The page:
All of China’s Olympic medallists deserve a victory lap in Hong Kong, not just the winners
As you cheer China’s gold medallists during the Olympic Games in Rio, spare a thought for its winners of silver and bronze. They toiled as long and as hard to bring glory to the country, but get little or no acclaim.
China’s state-run system for producing national athletes is still modelled on the Soviet “sports factories” that train potential Olympians from the age of six to 10. Of the hundreds of thousands enrolled in 2,183 sports schools on the mainland, only 416, after a lifetime of full-time training, made it to this year’s Chinese Olympic team competing in 26 sports. Their singular goal: to win gold. Anything less amounts to losing, even though a silver or bronze would be an achievement of a lifetime for most athletes.
In the past, after the Olympics, China’s gold medallists would do a “victory lap” in Hong Kong. But not the silver and bronze medallists. Having missed the gold, perhaps just by a point or two, they became invisible, even though they were among China’s top athletes.
With little marketable skill, many of China’s elite athletes struggle to have a normal life when their performing days are over.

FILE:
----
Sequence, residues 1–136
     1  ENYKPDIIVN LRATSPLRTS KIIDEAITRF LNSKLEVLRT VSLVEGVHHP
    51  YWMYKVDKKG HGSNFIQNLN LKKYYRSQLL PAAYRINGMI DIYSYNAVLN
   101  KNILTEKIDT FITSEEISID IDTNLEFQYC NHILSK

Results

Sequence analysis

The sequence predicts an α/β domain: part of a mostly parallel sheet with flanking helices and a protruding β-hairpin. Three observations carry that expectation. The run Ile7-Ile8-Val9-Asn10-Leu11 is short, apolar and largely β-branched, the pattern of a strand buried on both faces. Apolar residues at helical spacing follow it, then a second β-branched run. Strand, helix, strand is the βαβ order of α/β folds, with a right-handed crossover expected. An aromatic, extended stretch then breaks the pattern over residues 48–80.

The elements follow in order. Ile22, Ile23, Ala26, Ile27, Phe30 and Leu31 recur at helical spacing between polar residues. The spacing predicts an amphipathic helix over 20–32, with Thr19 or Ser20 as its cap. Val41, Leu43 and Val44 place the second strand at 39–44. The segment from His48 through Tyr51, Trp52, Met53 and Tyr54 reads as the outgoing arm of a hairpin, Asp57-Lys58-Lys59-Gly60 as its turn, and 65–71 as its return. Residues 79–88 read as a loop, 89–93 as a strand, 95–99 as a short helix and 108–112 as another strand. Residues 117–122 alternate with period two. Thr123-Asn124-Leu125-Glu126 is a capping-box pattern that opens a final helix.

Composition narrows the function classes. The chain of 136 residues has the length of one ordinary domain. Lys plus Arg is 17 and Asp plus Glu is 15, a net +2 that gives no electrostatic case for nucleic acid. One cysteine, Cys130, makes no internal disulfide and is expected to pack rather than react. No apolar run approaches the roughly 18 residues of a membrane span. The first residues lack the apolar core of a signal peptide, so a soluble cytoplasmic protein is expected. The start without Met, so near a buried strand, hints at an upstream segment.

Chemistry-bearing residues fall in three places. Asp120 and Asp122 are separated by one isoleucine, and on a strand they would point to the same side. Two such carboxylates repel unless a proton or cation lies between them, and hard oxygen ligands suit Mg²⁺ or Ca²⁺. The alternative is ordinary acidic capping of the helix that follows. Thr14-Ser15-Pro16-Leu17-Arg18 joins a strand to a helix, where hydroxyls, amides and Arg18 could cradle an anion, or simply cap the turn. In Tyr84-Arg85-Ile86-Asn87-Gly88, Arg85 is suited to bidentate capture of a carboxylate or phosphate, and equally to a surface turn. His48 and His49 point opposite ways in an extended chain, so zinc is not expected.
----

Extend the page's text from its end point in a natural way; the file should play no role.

Nor have China’s Olympic triumphs led to better sports facilities for ordinary citizens. The national teams train in well-equipped facilities, but local communities fend for themselves with few public sports centres that are accessible and affordable to everyone.
There is no parallel with Hong Kong’s heavily subsidised district-level sports centres that are open to all.
What’s behind the Chinese state’s fixation on gold? China’s sports system is organised to win gold medals not for the athletes, nor even for Chinese citizens, but for boosting nationalism and the legitimacy of the ruling party.
Sure enough, the Hong Kong government has announced that only the gold medallists fresh from Rio will visit the city from August 27 to 29.
Our government needs to give an explanation as to what effort they have made to impress upon the Chinese authorities that all medallists – not just the winners – should visit here.
The usual excuse of difficult logistics for a larger group, if the silver and bronze medallists were also included, is simply not credible, as the government will pull out all the stops to accommodate visitors from the mainland if it is deemed important enough.
Such an “exclusive” victory lap sets a bad example for our young aspiring athletes and people of all ages, giving a bad name to the true spirit of the Olympics.
Tom Yam, Lantau